I’ve been a resident of Chicago for two years, and after spending my childhood in the ‘burbs and nearly a decade in New England I took immense pride in having a city zip code attached to my address. I’ve been single for as long as I’ve lived in the city, but my romance with patisseries, pubs, and GrubHub has been constant. The thrill hopping on the El to explore a new neighborhood, the smells of curry, garlic, and something fishy as I walk down Sheridan Rd.- these exciting revelations haven’t diminished over time. Perhaps this is what happens when one has spent the past several years in a small town..
Whenever I go out on dates, my friends want to know how the company was, but it seems like a good chunk of the experience can be shaped by the atmosphere. Where we meet- whether it’s a hipster coffee bar, a Kosher-style deli, or my favorite brewpub- can influence the date almost as much as the conversation and chemistry (or, more often than not, lack thereof). With this in mind, I decided to explore writing about an evening’s juicy culinary details with my company in the background- instead of the other way around.
THE SCENE: Anteprima, Andersonville, on a warm, late August night.
I arrived early and was gratified to find that my date had made a reservation. The lighting was dim, and while the décor was sparse, there seemed to be lots of small works of art framed in copper-green filigree on the walls. The bartender quietly sang Michael Jackson to herself as she fixed someone else’s drink, and she handed me a menu- “reading material,” she called it. I stared aghast at the selection for several minutes: I wanted to eat every single thing. Making food decisions was going to be quite difficult.
My date approached me shortly thereafter, and we were ushered to the snug back patio. I greatly enjoy the restaurants on Clark Street in Andersonville for many reasons, especially the architecture- the buildings run long, and it’s often difficult to see the depth of the eatery from the host stand. We ordered drinks; my cocktail included peppercorn vodka, vanilla, and some other mystery ingredients that lent it a particular sweetness before giving way to the anticipated peppery bite. After a long deliberation my companion and I decided on ordering a set combination of several tapas-style starters; thank goodness I didn’t actually have to decide on a small plate or two!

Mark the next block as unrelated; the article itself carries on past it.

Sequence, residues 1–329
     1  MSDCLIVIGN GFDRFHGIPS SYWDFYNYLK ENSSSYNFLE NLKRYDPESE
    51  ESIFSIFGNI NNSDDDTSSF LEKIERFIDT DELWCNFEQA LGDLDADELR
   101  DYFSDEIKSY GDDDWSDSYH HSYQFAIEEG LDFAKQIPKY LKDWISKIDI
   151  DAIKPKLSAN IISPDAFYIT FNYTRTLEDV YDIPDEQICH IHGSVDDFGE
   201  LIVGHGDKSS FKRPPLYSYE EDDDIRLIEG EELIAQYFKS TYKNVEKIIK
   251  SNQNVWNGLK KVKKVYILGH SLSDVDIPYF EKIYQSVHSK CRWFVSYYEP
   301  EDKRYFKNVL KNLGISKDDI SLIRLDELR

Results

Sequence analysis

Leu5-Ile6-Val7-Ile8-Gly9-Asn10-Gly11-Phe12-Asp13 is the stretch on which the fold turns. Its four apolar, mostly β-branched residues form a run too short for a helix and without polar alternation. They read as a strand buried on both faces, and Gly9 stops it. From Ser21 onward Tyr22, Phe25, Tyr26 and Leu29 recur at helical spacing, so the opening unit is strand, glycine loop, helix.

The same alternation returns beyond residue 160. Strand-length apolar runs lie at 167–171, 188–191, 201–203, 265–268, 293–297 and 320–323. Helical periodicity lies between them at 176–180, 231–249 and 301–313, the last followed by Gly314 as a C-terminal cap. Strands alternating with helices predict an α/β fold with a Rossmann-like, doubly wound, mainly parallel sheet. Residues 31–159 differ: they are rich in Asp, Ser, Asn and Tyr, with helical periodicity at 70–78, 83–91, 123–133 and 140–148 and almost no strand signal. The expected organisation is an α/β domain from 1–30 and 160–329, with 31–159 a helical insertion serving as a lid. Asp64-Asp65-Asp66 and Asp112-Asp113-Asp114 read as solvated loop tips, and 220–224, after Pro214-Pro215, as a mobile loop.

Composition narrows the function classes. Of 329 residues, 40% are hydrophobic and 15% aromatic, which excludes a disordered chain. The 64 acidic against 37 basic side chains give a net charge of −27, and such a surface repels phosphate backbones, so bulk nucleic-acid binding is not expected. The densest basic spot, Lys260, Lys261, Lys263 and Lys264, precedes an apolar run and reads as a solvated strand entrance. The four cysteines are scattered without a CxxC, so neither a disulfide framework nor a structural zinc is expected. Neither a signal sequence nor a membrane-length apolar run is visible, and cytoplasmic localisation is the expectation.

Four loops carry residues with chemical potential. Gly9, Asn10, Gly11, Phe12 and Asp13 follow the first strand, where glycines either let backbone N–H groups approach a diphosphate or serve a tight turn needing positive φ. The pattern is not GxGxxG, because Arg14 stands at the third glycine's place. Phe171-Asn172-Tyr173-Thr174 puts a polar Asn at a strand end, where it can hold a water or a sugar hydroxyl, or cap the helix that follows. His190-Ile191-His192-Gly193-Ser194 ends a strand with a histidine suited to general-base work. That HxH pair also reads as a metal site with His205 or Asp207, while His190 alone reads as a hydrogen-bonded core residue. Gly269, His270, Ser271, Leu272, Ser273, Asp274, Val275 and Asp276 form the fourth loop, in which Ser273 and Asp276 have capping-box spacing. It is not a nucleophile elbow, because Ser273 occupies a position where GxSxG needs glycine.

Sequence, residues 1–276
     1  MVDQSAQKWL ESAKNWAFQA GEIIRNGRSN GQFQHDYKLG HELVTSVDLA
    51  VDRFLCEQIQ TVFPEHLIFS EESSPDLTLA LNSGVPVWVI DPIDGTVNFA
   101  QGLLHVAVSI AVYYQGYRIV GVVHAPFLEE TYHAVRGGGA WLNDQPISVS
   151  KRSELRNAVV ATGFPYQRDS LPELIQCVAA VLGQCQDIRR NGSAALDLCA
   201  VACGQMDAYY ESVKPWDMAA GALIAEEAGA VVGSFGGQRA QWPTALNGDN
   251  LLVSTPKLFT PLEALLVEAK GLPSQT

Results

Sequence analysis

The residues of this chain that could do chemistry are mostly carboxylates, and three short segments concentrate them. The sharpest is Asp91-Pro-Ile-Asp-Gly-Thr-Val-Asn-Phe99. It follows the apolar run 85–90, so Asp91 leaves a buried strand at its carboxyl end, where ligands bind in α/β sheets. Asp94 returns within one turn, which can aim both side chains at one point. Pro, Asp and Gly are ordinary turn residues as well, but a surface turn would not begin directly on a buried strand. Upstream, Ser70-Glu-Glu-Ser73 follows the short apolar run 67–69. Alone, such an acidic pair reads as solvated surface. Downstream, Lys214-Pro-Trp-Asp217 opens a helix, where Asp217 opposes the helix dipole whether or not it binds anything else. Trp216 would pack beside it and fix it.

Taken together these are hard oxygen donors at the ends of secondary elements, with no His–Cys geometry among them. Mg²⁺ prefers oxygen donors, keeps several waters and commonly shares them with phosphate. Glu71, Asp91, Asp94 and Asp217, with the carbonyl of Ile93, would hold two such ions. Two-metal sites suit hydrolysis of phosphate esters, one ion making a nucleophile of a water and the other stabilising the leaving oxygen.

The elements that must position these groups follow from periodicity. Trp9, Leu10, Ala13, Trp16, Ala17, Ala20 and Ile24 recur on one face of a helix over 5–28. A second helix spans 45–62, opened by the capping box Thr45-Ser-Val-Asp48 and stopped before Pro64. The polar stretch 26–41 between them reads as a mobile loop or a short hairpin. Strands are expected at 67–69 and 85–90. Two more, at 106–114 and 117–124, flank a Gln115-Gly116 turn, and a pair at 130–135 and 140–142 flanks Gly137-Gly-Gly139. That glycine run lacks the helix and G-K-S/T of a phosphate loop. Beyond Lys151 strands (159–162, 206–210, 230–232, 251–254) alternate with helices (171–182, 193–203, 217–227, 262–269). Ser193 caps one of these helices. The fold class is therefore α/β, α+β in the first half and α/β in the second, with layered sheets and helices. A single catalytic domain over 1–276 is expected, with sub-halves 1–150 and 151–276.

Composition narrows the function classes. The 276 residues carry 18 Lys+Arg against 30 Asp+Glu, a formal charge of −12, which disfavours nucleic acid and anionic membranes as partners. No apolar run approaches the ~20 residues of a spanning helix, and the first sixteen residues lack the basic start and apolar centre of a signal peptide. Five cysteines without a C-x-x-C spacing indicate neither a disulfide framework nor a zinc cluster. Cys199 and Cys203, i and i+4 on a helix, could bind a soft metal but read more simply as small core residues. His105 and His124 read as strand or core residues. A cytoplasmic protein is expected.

The conversation ebbed and flowed, we both rejoiced over the presence of little breadsticks in the bread basket, and eventually our large plate of little bits arrived. By then the sun had set and soft lighting permeated the patio, reflecting off of the copious amounts of flowers that framed the back of the building. The first delicacy I chose was a petite purple olive. Lo and behold: love at first bite. The olives were almost fruity in taste (beyond the fact that they were marinated in orange, which I later remembered sheepishly), and the eggplant caponata looked dark as tar but brought a smoky-sweet flavor that somehow reminded me of summer camp.
My companion and I talked Star Trek and made our way through the rest of the small plate bonanza, which included grilled peaches (swoon), roasted corn, some kind of bean and red pepper salad, and zucchini. The service was impeccable, although when the waiter came around to ask us if we wanted anything else I rather hoped he’d just go away- I was still reveling in the aforementioned grilled peaches. In true tapas spirit, we concluded the meal by splitting corn ravioli in a brown butter sauce, which inspired a moment of rapture, closed eyes, and a verbal “mmph” of contentment from both of us.
Neither of us deigned to look at the dessert menu, but before we parted ways for the evening we both expressed the hope that another date would be on the horizon. Clearly, a gent who had chosen such an ambient, tasty venue for a first date AND had professed an affinity for Star Trek was someone I wanted to get to know better. When I texted him the next morning to thank him for such a lovely night, I suggested that our next date should perpetuate the pleasure we shared in enjoying good food: up next, a cooking class. I hear that Sur La Table has one featuring how to make French macaroons, which would clearly make up for the fact that neither of us were in the mood for one of the several decadent desserts at Anteprima.